From The Story of Dartmouth, by John P. Martin:
Christ Church at Dartmouth was consecrated by Bishop Inglis on Sunday, August 21, in the presence of a numerous gathering including Hon. Michael Wallace, Chief Justice Archibald and “other respectable individuals”. As the Rev. Charles Ingles had gone to Sydney in 1825, the parish was without a resident rector until Rev. Edward L. Benwell, an Englishman, came to Dartmouth in December of 1826.
The first regatta on Halifax harbor was held in the summer of 1826 as part of the program arranged for the visit of Lord Dalhousie. All the warships in the harbor and numerous small craft were bedecked in colors for the occasion. The prize for first-class sailing boats was won by Admiral Lake, who steered the craft himself. The fishermen’s races, however, pulling over the long course around George’s Island, created much more interest.
Besides the rowing contests, there was a canoe race open to [Indigenous people]. It was a new and novel sight for the crowds of spectators to see several canoes impelled with surprising velocity by [Indigenous people] in their native costume with their long black hair flying in the wind, and to hear their exciting shrieks of the most extraordinary yells as they dashed down the harbor.
The regatta was such a decided success that it promised to become an annual affair. Money prizes were awarded the winners, chiefly in the canoe and rowing events.
Shipbuilding continued to thrive in Dartmouth. At the yards of Thomas Lowden that July, there was completed a 320-ton ship named the “Atlantic”. She was 104 feet long. Despite the early hour of 7.30 A.M., throngs came from Halifax to witness the launching. The newspaper report says that the masts of the Atlantic” were festooned with flags, and her decks were filled with the adventurous. As she moved majestically down the ways and plunged headlong into the water which rose and danced around her, loud huzzas were raised from point to point, softened Into melody by the martial music of the Regimental band stationed “on the opposite side of the creek”.
This description suggests that the location of Lowden’s yard was near the outlet of the present Canal stream, perhaps on the sheltered beach just south of the railway trestle.
There must have been a second keel already laid in that yard, for on the last day of November, 1826, there was another gala launching from Lowden’s. This ship was the 400-ton “Pacific”, built for a Halifax Company, and intended for the South Sea whale fisheries. She was constructed of the best Musquodoboit oak, and was copper-sheathed and copper fastened.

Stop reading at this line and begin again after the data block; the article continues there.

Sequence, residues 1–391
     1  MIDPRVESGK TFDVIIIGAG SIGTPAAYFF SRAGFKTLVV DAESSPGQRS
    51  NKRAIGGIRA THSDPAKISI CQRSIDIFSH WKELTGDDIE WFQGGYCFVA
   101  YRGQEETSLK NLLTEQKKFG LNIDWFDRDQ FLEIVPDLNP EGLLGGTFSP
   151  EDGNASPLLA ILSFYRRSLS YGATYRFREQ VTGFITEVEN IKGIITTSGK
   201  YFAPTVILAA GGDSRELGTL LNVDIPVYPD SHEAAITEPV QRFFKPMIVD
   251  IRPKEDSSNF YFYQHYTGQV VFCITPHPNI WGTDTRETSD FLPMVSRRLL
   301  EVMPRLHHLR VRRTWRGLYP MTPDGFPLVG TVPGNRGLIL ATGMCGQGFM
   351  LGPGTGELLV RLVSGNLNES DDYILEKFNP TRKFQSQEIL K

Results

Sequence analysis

Considerable exertion had to be used before the vessel started to move, but after the first few impulses, she moved gracefully down the skids into the water. She was then towed by the Team-Boat to Cunard’s wharf to be fitted out.
The Quaker Society was still flourishing in 1826, for in that year they expelled six of their Dartmouth members. Three Elliots and three Colemans were involved. The Elliot family were no doubt reared as Quakers by their mother whose maiden name was Almy Green. According to Judge Benjamin Russell’s autobiography, Almy was the daughter of an old Quaker preacher who ministered to the Society of Friends at the Dartmouth Quaker Meeting House, late in the 1700’s.
Almy Green was the senior Mrs. Jonathan Elliot. Two of her sons, Jonathan and Stephen Elliot married Charlotte, and Jane Collins respectively. Another son Benjamin, married Ann Coleman, granddaughter of Seth Coleman.
Of the Coleman boys, George and James Coleman, brothers of Ann, married Jane Storey and Sarah Bell, respectively. These marriages had taken place over a period of years.
But the point to be noted is that they were performed by Anglican clergymen. Evidently, according to Quaker principles, this was unorthodox.
The Quaker Society must have mulled over such violation for many months, because it was not until October of 1826 that the following decree came forth from Charles G. Stubbs, the Secretary in Nantucket: